This has been the central tension of the current trial of Young Thug. How do the use of the lyrics in the RICO trial of Williams shed light on what we give to Black artists who come from the neighborhoods that the country often otherwise ignores? As Zak Cheney-Rice wrote for New York, Williams’ music has had the “ability to channel the trap’s malaise, its anguish, its thrill.” His life story has been one circumscribed by a particular violence: poverty, guns, drugs.  He made these American sins into art. And yet the music isn’t only about Williams individually. And neither is the trial. In both, Young Thug is both an individual and an example.

“In 2023, why is Black pain and criminality marketed and sold? And then on the other side, why are the conditions that create poverty and violence not addressed?” asked Kenneth J. Montgomery a former prosecutor turned criminal defense attorney based in Brooklyn. Montgomery represented Bobby Shmurdah early on in his case, and has advised other attorneys on how to approach the use of rap lyrics on trial. He also grew up in Brownsville, Brooklyn and was a firsthand witness to the rise of hip hop—which celebrates its 50th birthday this year—from Black youth subculture to billion dollar industry.

“When you look at what’s happened in the 50 years since hip hop started. Those neighborhoods of Brownsville where I came from, nothing has changed,” said Montgomery. “So what are we really celebrating?”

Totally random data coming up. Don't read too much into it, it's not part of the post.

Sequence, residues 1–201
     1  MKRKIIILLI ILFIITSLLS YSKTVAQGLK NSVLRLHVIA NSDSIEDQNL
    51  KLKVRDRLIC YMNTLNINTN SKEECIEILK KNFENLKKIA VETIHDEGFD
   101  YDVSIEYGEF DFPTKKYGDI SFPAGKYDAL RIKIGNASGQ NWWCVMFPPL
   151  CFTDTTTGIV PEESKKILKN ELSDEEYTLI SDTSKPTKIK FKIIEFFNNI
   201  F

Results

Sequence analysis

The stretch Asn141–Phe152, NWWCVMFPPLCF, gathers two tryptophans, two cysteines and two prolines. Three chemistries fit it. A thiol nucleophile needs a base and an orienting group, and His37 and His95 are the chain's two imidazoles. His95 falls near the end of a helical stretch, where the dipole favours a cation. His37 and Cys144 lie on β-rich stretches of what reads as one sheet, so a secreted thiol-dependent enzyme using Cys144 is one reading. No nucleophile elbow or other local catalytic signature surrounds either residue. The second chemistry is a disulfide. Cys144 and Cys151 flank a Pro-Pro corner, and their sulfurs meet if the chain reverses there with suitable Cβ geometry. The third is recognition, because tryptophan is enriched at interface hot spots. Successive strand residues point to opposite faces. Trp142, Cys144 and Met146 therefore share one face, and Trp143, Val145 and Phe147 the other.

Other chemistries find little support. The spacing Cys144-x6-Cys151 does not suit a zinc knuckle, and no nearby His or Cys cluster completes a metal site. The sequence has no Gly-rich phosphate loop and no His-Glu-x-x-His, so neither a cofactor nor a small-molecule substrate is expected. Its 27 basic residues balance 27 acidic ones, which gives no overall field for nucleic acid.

As documented by Jeff Chang in his 2005 book Can’t Stop, Won’t Stop: A History of the Hip Hop Generation, hip hop was born out of “benign neglect” for poor predominantly Black neighborhoods. The genre came to prominence at the same time as the American prison population exploded. For many years this music performed by mostly poor Black men was vilified and struggled to achieve mainstream legitimacy. But as fears of crime in America receded, so did the moral panic about rap music. In 2021 Barack Obama called Jay-Z, whose lyrics once spun tales of navigating a violent life as a drug dealer, “the embodiment of the American dream.” 

In the case of Young Thug and YSL, we see the outcome of a genre that incentivizes a particular kind of sensation and controversy running up against a state apparatus more than willing to scapegoat that genre if it means skirting responsibility for the conditions that give rise to headlines about upticks in crime. That should provoke profound discomfort for anyone watching: Here is the art we love used for punishment. No one has to forgive violence to wonder: Are we policing a wider crisis? Rewarding Williams alone didn’t save the community he comes from. Jailing him won’t either. And yet that is all we seem to offer.